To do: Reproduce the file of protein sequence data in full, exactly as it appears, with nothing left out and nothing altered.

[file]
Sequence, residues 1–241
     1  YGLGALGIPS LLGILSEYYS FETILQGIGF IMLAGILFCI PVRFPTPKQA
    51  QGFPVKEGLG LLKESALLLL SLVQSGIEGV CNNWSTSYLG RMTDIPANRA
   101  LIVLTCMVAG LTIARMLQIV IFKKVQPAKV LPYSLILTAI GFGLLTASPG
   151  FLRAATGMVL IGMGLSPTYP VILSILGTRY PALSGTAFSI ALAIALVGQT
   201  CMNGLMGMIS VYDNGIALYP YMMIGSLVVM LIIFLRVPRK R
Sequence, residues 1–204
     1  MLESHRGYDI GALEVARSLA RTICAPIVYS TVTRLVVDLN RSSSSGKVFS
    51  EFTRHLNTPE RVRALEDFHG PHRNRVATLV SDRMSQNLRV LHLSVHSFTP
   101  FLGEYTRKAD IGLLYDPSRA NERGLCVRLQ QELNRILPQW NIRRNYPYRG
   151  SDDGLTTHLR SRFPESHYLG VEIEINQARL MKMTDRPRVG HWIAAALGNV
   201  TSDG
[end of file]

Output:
Sequence, residues 1–241
     1  YGLGALGIPS LLGILSEYYS FETILQGIGF IMLAGILFCI PVRFPTPKQA
    51  QGFPVKEGLG LLKESALLLL SLVQSGIEGV CNNWSTSYLG RMTDIPANRA
   101  LIVLTCMVAG LTIARMLQIV IFKKVQPAKV LPYSLILTAI GFGLLTASPG
   151  FLRAATGMVL IGMGLSPTYP VILSILGTRY PALSGTAFSI ALAIALVGQT
   201  CMNGLMGMIS VYDNGIALYP YMMIGSLVVM LIIFLRVPRK R
Sequence, residues 1–204
     1  MLESHRGYDI GALEVARSLA RTICAPIVYS TVTRLVVDLN RSSSSGKVFS
    51  EFTRHLNTPE RVRALEDFHG PHRNRVATLV SDRMSQNLRV LHLSVHSFTP
   101  FLGEYTRKAD IGLLYDPSRA NERGLCVRLQ QELNRILPQW NIRRNYPYRG
   151  SDDGLTTHLR SRFPESHYLG VEIEINQARL MKMTDRPRVG HWIAAALGNV
   201  TSDG